“Our Rights. Our Freedoms. Always.” These powerful words capture freedom as the very definition of dignity. They also highlight the theme of this year’s Human Rights Day, recognized internationally each year on this day to commemorate the day on which in 1948 the United Nations General Assembly adopted the Universal Declaration of Human Rights:
“All human beings are born free and equal in dignity and rights. They are endowed with reason and conscience and should act towards one another in a spirit of brotherhood.”
Article 1, United Nations Universal Declaration of Human Rights
This year’s Human Rights Day will be marked at the Franklin D. Roosevelt Four Freedoms Park in New York, which celebrates the four freedoms pronounced by President Roosevelt in his January 6, 1941, State of the Union speech.
Roosevelt’s vision for a better future in response to the dark days of the Second World War centered on freedom of speech, freedom of religion, freedom from want and freedom from fear.
Human dignity and worth
This United Nation notes that this year’s Human Rights Day highlights freedom by recalling the four freedoms that underlie the Universal Declaration of Human Rights and two major human rights covenants. This year’s Human Rights Day is also “devoted to the launch of a year-long campaign for the 50th anniversary of the two International Covenants on Human Rights: the International Covenant on Economic, Social and Cultural Rights and the International Covenant on Civil and Political Rights,” adopted by the United Nations General Assembly on December 16, 1966.
In addition, “the two Covenants, together with the Universal Declaration of Human Rights, form the International Bill of Human Rights, setting out the civil, political, cultural, economic, and social rights that are the birthright of all human beings.” The United Nations states that the International Bill of Human Rights “represents a veritable Magna Carta marking mankind’s arrival at a vital phase: the conscious acquisition of human dignity and worth.”
Today’s fights for freedom
The grim days of the Second World War may be gone, but today the fights for freedom and dignity encompass a whole new set of issues and challenges, and a number of agencies have arisen to address them. Human Rights Watch, a nonprofit, nongovernmental human rights organization, works to publish “more than 100 reports and briefings on human rights conditions in some 90 countries, generating extensive coverage in local and international media.
With the leverage this brings, Human Rights Watch meets with governments, the United Nations, regional groups like the African Union and the European Union, financial institutions, and corporations to press for changes in policy and practice that promote human rights and justice around the world.”
Amnesty International, a nonprofit, nongovernmental human rights organization with over 7 million members and supporters around the world, also works “to conduct research and generate action to prevent and end grave abuses of human rights, and to demand justice for those whose rights have been violated.” In Human Rights Facts & Figures for 2014 it notes that it recorded and investigated human rights abuses in 160 countries and territories worldwide, and identified the following human rights issues:
- War crimes or other violations of the “laws of war” were carried out in at least 18 countries
- Armed groups committed abuses in at least 35 countries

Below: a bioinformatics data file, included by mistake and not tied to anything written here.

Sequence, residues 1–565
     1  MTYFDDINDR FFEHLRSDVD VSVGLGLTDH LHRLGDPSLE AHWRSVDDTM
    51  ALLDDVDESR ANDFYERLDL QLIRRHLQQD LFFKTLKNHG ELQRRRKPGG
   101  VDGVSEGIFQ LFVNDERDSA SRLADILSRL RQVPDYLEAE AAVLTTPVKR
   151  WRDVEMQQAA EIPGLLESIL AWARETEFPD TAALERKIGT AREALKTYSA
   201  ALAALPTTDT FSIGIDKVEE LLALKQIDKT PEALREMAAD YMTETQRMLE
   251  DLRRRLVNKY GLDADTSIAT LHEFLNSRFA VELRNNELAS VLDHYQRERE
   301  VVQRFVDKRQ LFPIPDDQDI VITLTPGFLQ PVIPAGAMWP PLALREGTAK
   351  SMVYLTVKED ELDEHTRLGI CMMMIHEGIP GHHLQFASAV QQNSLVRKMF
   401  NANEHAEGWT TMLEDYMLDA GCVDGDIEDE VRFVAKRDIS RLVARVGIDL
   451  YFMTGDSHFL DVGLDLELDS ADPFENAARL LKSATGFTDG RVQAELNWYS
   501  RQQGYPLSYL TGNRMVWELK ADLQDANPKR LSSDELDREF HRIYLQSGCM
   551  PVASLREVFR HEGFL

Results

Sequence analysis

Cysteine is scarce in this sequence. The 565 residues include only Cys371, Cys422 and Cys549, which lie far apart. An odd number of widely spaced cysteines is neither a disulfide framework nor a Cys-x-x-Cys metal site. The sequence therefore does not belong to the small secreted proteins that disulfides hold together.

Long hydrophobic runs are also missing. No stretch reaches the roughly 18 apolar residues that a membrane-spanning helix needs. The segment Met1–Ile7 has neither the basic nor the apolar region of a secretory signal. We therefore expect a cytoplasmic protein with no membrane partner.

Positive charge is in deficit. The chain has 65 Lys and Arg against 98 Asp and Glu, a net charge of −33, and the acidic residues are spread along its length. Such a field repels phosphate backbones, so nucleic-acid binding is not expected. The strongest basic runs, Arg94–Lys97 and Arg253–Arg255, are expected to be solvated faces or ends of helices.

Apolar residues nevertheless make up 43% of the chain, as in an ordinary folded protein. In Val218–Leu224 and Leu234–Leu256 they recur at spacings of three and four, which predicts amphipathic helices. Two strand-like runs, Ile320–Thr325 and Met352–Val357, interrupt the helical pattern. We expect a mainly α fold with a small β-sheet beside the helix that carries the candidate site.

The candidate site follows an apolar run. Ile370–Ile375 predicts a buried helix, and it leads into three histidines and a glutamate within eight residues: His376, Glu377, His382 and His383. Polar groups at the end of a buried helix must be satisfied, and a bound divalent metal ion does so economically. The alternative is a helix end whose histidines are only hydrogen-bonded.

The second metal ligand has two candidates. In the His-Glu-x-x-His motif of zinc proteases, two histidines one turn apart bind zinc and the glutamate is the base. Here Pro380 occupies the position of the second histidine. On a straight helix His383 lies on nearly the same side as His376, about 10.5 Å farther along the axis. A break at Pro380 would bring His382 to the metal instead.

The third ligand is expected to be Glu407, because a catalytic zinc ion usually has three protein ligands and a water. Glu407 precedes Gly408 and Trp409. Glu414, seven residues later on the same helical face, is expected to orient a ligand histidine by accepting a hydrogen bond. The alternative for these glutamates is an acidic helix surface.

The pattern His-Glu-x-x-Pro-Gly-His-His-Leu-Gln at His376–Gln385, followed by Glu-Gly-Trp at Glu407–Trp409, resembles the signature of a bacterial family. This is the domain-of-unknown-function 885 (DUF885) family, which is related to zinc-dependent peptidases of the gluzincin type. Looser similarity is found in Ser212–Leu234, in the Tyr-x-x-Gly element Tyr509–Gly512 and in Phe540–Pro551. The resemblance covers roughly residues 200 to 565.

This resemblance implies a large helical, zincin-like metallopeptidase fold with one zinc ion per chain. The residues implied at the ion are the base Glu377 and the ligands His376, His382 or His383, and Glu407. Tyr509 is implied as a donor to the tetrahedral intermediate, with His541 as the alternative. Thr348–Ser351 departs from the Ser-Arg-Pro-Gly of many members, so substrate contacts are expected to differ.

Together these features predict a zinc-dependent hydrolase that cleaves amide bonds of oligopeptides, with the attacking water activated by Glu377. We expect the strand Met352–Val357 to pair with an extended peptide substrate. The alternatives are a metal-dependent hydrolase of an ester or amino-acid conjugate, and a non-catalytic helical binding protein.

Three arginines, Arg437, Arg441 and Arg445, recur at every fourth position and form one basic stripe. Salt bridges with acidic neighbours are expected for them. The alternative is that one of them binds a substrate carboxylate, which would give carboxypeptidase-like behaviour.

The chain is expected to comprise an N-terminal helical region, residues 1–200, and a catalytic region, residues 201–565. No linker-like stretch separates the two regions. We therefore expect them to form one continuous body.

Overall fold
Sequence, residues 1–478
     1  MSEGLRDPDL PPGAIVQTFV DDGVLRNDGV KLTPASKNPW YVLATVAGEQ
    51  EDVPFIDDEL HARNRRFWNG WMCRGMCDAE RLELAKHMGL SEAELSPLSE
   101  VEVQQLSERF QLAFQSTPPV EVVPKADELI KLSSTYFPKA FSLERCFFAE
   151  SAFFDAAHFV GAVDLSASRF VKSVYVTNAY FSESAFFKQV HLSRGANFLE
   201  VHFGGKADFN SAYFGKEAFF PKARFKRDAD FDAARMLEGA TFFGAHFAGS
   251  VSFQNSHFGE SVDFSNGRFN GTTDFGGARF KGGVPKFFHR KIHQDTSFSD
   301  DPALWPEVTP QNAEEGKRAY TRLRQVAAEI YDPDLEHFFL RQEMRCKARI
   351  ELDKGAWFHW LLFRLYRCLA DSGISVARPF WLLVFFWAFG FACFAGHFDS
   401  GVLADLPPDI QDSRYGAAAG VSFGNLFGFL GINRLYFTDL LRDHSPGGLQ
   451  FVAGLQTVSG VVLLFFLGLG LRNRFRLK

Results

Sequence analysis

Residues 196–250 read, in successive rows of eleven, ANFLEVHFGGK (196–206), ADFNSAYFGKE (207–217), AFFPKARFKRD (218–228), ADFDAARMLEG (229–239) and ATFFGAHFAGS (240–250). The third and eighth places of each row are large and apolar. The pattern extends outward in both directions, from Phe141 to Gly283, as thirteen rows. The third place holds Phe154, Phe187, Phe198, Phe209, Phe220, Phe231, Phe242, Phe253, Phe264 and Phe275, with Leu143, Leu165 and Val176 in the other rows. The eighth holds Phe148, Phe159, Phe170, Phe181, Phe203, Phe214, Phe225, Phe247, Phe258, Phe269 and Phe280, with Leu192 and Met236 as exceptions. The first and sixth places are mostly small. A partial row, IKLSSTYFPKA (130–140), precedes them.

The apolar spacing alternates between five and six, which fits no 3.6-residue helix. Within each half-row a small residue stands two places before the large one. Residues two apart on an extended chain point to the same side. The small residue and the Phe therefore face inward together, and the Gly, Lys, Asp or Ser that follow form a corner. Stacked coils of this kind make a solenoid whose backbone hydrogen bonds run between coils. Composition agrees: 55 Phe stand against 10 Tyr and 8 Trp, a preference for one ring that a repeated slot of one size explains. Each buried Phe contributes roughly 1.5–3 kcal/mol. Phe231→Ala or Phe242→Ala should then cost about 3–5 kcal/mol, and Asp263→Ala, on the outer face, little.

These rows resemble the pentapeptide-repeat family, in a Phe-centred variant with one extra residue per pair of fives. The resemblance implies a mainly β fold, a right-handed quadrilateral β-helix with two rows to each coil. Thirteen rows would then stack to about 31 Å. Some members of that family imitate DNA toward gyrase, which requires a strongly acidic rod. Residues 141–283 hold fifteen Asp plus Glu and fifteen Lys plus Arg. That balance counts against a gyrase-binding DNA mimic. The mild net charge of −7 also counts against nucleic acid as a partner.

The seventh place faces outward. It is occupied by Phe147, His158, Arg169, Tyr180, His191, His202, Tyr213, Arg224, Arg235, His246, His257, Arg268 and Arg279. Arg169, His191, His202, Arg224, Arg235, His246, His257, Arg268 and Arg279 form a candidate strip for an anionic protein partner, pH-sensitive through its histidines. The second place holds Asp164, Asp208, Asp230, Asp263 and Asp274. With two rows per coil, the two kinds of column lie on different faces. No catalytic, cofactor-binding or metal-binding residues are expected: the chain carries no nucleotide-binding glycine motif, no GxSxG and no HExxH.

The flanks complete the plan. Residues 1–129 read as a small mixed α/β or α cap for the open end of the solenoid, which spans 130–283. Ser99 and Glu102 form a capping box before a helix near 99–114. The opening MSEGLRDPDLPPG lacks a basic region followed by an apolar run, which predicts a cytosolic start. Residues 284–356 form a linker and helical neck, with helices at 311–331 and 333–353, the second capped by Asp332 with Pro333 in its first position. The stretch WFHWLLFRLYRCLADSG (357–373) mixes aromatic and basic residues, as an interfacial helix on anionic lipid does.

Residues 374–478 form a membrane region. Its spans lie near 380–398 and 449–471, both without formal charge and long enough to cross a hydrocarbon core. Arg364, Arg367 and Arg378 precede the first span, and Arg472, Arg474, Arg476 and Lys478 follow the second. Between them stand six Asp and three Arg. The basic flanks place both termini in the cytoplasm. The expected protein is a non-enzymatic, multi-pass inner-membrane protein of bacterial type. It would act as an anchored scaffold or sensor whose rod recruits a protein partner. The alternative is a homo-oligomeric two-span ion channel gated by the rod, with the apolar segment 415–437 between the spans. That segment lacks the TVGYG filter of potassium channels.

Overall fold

- More than 3,400 people are believed to have drowned in the Mediterranean Sea trying to reach Europe. Of the 4 million refugees who have fled the conflict in Syria, 95% were being hosted in neighboring countries
- Almost three-quarters of governments (119 out of 160) arbitrarily restricted freedom of expression. There were crackdowns on press freedom in many countries, with newspapers being forcibly closed and journalists threatened
- More than a third of governments (62 out of 160) locked up prisoners of conscience–people who were simply exercising their rights and freedoms
- 58% of countries (93 out of 160) conducted unfair trials
- 82% (131 out of 160) of countries tortured or otherwise ill-treated people
- 28 countries around the world have laws which completely ban abortion even in cases where a woman’s life or health is in danger and in cases of rape
- According to the International Lesbian, Gay, Bisexual, Trans and Intersex Association, 78 countries have laws in effect that are used to criminalize consensual sexual relationships between adults of the same sex
Want to get involved?
If you would like to join the fight for human rights, here are some ways to get started:
- Take action with Amnesty International by signing your name in support of one of their many online petitions
- Consider a donation to either Amnesty International or Human Rights Watch
- Order a free United for Human Rights Info Kit and start your own group to initiate activities and forward the cause of human rights
- Report human rights abuses that you see
When will universal rights become reality?
The United Nations notes that “Fifty years on, many people are still unaware of the existence of the International Bill of Human Rights and many countries around the world still have much to do to build political institutions, judicial systems, and economies that allow ordinary people to live with dignity.
“The growth of hate speech against religious and racial minorities, the justification of rights violations in the name of combatting terrorism, the clawing back of economic and social rights in the name of economic crises or security, and the failure to respect the right to privacy in the digital age, show the relevance of the two Covenants and the need to respect them.”
Today, on Human Rights Day, let’s all note that there’s much important work remaining to be done to ensure universal human rights for a better, safer and more unified world for ourselves and our future generations.